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Corrie could be used to push healthy foods

Junk food manufacturers are getting desperate. Reports in the Daily Telegraph suggest that broadcasters have agreed to plug fruit and veg in TV shows rather than fried breakfasts and fizzy drinks.

The proposals are an attempt to stave off new advertising regulations governing the marketing of junk food to children, the paper reported. They have now been submitted to advisors drawing up the government’s long-awaited strategy to tackle childhood obesity.

There is little doubt the strategy will include plans to tighten up the regulations regarding advertising of junk food. Research on the X-Factor, a show reportedly watched by a million children, found 13 adverts for unhealthy food in just one episode.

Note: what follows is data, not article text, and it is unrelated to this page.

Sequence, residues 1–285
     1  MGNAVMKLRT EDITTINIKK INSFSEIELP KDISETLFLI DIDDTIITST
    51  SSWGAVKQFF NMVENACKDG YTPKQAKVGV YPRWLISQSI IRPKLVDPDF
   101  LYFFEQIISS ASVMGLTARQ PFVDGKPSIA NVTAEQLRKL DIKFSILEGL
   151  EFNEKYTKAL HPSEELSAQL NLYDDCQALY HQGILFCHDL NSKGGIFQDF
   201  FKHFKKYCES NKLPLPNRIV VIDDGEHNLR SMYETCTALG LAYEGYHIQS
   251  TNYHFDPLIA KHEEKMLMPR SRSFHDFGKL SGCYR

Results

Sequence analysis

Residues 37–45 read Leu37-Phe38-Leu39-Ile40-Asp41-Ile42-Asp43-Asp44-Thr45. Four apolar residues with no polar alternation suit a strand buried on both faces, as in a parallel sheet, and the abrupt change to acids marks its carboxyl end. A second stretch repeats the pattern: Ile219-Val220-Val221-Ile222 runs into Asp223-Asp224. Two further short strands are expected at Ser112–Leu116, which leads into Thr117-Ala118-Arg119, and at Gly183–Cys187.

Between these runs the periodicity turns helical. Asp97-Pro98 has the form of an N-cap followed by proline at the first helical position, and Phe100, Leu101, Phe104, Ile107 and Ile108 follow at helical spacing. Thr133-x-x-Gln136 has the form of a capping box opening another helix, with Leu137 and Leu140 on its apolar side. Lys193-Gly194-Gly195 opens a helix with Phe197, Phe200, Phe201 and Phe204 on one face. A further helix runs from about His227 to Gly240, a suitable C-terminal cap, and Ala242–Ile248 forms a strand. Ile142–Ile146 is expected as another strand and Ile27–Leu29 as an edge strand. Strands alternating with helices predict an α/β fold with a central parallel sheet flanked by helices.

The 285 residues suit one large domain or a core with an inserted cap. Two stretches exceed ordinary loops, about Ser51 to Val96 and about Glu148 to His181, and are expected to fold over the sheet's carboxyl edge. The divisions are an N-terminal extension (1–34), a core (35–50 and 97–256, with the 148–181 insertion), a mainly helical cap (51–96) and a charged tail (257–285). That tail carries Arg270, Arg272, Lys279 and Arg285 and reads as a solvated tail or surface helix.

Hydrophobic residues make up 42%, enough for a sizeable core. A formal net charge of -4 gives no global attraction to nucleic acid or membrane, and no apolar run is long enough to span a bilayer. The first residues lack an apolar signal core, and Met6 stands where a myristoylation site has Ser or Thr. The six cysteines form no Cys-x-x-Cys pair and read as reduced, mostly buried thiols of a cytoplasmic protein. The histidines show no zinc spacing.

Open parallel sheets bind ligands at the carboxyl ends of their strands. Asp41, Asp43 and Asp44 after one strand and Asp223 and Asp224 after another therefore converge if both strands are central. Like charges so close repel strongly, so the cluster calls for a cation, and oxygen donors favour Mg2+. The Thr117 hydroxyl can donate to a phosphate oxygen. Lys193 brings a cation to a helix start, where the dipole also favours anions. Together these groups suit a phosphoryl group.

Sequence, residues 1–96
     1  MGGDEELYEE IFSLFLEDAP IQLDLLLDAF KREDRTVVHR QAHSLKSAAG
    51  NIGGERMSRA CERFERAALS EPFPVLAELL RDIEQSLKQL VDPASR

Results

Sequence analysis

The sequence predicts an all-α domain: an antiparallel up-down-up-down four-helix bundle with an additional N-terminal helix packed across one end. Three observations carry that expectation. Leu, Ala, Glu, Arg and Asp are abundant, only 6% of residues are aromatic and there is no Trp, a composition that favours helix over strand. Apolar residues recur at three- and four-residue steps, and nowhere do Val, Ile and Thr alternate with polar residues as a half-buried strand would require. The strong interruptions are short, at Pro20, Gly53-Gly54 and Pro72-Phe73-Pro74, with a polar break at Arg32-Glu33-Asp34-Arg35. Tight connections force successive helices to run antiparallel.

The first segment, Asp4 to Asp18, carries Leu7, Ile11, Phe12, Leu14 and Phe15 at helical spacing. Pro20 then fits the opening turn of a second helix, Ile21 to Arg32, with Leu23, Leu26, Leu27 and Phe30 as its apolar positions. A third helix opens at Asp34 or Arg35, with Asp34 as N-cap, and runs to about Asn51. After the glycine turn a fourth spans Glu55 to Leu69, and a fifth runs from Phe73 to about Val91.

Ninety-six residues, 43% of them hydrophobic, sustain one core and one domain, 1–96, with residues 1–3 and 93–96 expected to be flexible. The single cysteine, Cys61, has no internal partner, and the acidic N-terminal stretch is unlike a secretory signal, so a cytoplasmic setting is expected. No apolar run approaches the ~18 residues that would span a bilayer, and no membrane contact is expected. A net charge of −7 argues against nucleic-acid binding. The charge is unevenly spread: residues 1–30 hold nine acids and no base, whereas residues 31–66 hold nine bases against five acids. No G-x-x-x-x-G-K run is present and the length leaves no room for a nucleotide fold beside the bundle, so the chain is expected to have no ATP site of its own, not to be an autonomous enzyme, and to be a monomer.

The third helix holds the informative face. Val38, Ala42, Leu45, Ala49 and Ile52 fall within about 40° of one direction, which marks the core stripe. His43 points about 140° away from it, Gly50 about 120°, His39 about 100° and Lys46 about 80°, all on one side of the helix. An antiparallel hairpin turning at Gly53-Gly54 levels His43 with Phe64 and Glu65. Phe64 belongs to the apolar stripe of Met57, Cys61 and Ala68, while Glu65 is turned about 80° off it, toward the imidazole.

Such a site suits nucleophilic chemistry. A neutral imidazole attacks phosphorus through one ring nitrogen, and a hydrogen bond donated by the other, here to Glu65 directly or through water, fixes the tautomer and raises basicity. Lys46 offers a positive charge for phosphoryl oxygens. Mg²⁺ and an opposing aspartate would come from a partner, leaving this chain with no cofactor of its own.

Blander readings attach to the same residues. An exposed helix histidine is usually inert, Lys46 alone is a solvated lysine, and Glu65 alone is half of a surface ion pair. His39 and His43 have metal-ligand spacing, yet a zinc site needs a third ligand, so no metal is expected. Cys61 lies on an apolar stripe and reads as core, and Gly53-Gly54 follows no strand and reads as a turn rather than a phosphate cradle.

There’s also little promotion of healthy diets in programmes, either. In December, the National Hydration Council found soft and fizzy drinks are shown during children’s TV programmes for almost two thirds (64%) of the screen time. Researchers said TV is a “missed opportunity” to promote healthier hydration.